Solicitor General’s Confusion Highlights Flawed Planning Change
PMAT State Director
0407 501 999
Download the Media Release PDF version here.
The Solicitor General (SG) has cited changes to Tasmania’s planning laws as ‘complex and prescriptive’ in an analysis that makes a mockery of Government’s pledge to make planning rules ‘simpler, cheaper and fairer’.
In a critique of Tasmania’s new legislation more broadly, the SG has identified amendments to Tasmania’s planning laws, which passed Parliament in July 2021 and posed a pertinent question, ‘How can a citizen, without the means or desire to consult a lawyer be expected to obey the law?’
“The Solicitor General’s comments demonstrate that the planning reforms of the Gutwein Government has delivered flawed and confusing changes that make planning beyond the comprehension of most Tasmanians,” said Sophie Underwood, State Coordinator of the Planning Matter Alliance Tasmania (PMAT), a coalition of almost 70 community groups from across the state.
“Planning rules should be simple, accessible to the public and guided by overarching State Policies but we now have a system that the Government’s most senior legal practitioner cannot follow.
In June PMAT and the Tasmanian Conservation Trust (TCT) briefed the Legislative Council and raised serious concerns about the workability and transparency of the said amendments, following a campaign that involved direct correspondence with members, media coverage and 350 submissions from members of the public.
“We said prior to the amendments passing the parliament that the changes were very complicated and confusing and that they would be very difficult for anyone other than a planning expert or lawyer to understand them,” said Peter McGlone, Director of the TCT. “It alienates the community rather than involves them and it seems that the Solicitor General has come to the same opinion.”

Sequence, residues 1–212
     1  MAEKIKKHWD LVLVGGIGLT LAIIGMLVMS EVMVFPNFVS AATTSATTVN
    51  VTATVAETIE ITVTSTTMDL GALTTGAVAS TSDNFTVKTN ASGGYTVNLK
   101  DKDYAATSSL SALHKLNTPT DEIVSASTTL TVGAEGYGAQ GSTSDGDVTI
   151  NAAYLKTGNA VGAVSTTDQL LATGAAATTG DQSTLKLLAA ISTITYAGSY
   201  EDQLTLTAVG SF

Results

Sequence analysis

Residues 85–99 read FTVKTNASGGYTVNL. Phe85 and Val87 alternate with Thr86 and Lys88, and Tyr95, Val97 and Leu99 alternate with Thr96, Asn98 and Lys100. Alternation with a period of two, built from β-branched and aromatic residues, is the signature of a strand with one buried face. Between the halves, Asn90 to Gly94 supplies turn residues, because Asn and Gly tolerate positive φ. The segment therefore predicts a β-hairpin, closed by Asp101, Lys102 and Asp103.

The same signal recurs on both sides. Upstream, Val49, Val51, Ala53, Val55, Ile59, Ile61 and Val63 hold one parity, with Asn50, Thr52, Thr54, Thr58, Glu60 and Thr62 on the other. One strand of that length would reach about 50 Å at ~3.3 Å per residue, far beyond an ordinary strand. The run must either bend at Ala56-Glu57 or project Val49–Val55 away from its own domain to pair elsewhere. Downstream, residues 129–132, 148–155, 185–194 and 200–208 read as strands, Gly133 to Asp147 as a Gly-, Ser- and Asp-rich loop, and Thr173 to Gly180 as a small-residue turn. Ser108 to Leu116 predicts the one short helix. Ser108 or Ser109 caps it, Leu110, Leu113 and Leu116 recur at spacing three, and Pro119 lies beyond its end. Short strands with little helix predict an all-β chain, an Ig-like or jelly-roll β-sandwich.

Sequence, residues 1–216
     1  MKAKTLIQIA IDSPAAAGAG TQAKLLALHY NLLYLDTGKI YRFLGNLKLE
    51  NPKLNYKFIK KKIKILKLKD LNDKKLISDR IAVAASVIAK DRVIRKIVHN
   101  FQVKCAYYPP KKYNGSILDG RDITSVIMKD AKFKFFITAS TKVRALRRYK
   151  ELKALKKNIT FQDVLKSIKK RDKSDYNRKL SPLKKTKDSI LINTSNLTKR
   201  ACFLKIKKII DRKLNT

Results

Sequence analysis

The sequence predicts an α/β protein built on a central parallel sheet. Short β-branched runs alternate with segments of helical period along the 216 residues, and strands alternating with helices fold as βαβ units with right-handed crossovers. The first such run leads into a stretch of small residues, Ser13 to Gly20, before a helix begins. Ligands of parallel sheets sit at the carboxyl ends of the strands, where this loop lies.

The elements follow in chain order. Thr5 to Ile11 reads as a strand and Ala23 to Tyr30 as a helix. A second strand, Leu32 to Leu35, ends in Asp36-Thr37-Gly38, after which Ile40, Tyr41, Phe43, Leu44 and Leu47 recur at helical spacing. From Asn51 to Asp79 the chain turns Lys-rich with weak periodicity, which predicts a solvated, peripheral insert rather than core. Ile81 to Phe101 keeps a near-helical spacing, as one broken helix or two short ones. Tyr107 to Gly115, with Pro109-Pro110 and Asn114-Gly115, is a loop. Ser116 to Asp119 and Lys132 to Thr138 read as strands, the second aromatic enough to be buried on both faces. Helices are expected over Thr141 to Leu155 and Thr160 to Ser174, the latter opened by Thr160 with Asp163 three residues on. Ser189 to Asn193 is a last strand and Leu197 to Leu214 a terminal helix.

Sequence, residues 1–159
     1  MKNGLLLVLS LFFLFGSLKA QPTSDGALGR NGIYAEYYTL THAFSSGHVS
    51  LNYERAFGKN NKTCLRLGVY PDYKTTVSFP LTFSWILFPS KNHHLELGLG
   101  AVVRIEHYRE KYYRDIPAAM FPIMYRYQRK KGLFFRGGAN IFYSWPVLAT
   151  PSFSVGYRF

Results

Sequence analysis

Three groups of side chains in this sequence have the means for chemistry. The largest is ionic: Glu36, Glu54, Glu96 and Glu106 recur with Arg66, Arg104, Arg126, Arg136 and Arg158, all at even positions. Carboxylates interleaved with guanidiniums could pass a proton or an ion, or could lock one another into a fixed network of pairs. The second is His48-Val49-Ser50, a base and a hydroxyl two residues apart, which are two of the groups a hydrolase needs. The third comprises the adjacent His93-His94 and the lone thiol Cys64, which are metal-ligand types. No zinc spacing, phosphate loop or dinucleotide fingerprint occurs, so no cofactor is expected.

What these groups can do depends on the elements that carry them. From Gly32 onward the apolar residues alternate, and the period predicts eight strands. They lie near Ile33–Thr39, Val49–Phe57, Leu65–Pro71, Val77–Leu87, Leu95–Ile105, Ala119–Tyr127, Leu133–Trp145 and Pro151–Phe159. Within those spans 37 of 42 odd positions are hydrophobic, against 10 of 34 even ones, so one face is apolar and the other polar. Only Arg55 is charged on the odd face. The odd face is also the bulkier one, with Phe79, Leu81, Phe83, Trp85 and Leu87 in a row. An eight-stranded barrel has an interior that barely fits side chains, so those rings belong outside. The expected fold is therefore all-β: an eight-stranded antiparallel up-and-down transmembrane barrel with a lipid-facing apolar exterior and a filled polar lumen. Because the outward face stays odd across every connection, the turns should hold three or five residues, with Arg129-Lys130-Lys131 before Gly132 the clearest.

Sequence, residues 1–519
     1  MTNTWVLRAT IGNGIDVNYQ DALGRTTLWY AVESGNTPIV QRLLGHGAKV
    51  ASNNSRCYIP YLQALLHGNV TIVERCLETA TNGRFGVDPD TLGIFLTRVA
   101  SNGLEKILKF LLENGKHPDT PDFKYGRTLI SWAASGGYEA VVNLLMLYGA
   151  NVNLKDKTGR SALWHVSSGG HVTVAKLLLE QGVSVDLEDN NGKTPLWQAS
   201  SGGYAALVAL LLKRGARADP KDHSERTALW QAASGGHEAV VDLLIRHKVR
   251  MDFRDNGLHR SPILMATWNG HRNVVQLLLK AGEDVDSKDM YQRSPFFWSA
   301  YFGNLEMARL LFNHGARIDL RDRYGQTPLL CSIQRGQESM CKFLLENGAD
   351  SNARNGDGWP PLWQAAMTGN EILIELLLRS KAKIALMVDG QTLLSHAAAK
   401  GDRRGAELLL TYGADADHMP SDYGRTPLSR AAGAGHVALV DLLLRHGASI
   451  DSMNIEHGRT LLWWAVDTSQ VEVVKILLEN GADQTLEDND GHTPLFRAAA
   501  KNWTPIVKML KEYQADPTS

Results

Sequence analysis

“Parliamentarians who voted for these amendments, including all Labor members, have no excuse for passing laws that can’t be understood. Our concerns were expressed repeatedly, ignored and now we have the Solicitor General seriously questioning Parliamentary output and the passage of legislation that is dysfunctional,” said Ms Underwood.
“Not only will these planning laws be a problem for members of the public trying to understand them, they’ll condemn local councils, as the planning authorities that have to use them for assessments, to complex and confusing processes and to planning decisions (some of which are already being questioned due to what they allow – see PMAT Media Release -Government unilaterally directs sweeping changes to the planning system, Feb 2021).
The PMAT and TCT raised these concerns about the LUPAA amendments being confusing and complex numerous times prior to them passing the Tasmanian Parliament – with the Department of Justice, opposition parties, the Legislative Council and in the media – but the government refused to take notice. Groups and individuals made exhaustive attempts to tell the government that the amendments were complex and confusing:
· Submissions in February 2021 to the Draft Legislation;
· A media release by PMAT and TCT was issued on 25 March 2021 that repeated these concerns;
· Letters were sent to the major opposition parties during the election (April 2021) repeating the concerns;
· The Bill was one of PMAT’s key election issues – 350 people emailed their candidates to ask them their position on the Bill;
· TCT and PMAT made presentations to the Legislative Council on 30 June 2021 and sent them briefing notes prior to the briefing confirming the concerns about complexity and confusion; and
· Critically we recommended that the proposed amendments be sent to a Legislative Council committee and this was opposed by the Labor and Liberal Parties.
Sophie Underwood State Coordinator PMAT 0407501999
Peter McGlone Director of the TCT 0406380545